Monthly Archives: August 2018

Pandora’s new suit

It’s about two months until the sailing season here in the North East ends and the fall migration south begins for those who don’t haul in the fall.  While most of the folks I know are out sailing around New England waters, Pandora’s in a shed being painted.

I have written about Pandora’s new paint job for a while now and yesterday I went to take a look at her, all shiny and nearly ready to launch.   I’d say that she’s really, really shiny although it’s a bit hard to see just how great she looks tucked inside a “small” shed.  As I mentioned, it’s hard to see how perfect the job looks.  This angle perhaps better, or not.   I think that the stainless rub rail really sets the grey hull off. It’s certainly a lot different than her way-dark green hull of yore. The next step, beyond a million little things that they will do to clean up any “boogers” in the paint job, will be to have the logo applied.  I loved the one done for “old Pandora” years ago and had the designer spruce it up a bit.   That version was done by Accent Graphics in Annapolis years ago and they were happy to update it a bit for “new” Pandora.   I think that they did a nice job.  We will be going with black lettering and a metallic outline.  The stars, probably black or even white.  Not sure quite yet.   A local shop will take the file, print it out and manage the installation on port and starboard quarters. The plan is also to put the logo, sans silver outline, on each side of Pandora’s boom as well.

A few engine related items to handle including the standing rigging that needs to be ugh, replaced.  Well nearly all of it needs to be replaced.   The rigger picked up the rod last week and has taken time to inspect each piece.  With 40,000 miles under her keel, it’s in not-so-great condition.   This is a photo of a head on one of the main shrouds.  I’m lucky that it didn’t come down already.   See that small crack just under the head.  Imagine that going all the way through and having the mast crash down in a heap.  That’s the head for one of the main shrouds.  The most important piece of the rig. Beyond bills to pay and it seems that they just keep getting bigger, there’s lots to do to get ready for our departure in late October but first I’ll have to finish the remodel job in our guest bath.  Yes, dealing with the honey-do list is important.  To fall short on that front, well, that would be a CLM (career limiting move), and we wouldn’t want that, would we?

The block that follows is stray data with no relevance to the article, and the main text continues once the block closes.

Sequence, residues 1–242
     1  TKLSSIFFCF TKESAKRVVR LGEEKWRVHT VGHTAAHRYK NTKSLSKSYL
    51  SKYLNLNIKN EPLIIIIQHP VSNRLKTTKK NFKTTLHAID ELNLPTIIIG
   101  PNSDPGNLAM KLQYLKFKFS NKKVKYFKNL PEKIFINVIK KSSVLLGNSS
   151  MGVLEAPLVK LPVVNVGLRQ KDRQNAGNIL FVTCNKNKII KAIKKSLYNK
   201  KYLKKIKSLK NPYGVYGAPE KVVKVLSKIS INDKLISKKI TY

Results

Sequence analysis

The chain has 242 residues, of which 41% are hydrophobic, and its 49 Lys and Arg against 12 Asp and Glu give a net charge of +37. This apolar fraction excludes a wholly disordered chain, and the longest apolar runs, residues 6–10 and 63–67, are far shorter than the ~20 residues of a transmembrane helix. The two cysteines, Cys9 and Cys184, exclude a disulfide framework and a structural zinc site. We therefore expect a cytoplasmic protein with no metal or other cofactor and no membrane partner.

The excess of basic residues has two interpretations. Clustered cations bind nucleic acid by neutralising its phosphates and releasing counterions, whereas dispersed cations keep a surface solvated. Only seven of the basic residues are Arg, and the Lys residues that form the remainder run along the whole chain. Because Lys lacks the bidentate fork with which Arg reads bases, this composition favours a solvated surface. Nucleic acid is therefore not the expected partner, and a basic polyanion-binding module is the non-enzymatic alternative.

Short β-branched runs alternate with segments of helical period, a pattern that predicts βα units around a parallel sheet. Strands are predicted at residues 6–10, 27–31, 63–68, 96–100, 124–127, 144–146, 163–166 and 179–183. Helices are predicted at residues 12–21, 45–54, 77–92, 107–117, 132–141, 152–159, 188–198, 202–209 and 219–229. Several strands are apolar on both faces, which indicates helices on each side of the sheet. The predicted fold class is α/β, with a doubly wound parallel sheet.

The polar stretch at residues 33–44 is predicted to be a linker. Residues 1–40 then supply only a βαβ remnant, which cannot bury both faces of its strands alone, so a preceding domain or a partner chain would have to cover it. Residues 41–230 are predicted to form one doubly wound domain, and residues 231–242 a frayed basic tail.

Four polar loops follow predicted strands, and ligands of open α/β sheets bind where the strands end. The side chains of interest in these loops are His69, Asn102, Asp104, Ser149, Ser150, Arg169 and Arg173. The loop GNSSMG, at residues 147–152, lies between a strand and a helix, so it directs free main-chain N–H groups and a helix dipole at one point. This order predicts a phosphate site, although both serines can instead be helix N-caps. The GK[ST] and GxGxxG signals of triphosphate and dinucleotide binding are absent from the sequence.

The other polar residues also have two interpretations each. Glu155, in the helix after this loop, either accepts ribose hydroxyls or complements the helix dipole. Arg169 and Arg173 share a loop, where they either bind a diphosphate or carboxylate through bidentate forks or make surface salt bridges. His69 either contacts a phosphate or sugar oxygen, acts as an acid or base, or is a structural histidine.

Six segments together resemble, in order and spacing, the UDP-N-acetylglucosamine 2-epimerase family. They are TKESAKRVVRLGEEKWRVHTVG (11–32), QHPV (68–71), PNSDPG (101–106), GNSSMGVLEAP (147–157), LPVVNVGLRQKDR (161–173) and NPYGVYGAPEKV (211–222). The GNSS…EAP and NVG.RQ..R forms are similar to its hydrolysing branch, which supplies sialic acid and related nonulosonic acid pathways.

Well, they always say that owning a boat is just having a hole in the water into which you pour money.   Unfortunately, with all the work done on Pandora this year, painting and pulling the rig, it seems that I have really “opened Pandora’s box”.

Well, I guess that’s about it for now.  Not happy but hey, she does look great.

I guess that I’d better sign off for now and get moving on the guest bath.  Yes, first things first.


What’s in store when you arrive in Antigua? Read on…

If you follow this blog you know that I am the Port Captain in Antigua for the Salty Dawg Fall Rally to the Caribbean this fall.  The rally has a number of destinations and I will admit that I am biased about where you should make landfall.

In particular, I think that you should make your destination Antigua.  And, it’s all about what happens once you arrive.  In spite of what some say, it’s not all about the journey and after an ocean run of over 1,000 miles, you will be ready for some R&R and have we got some great R&R in store for you.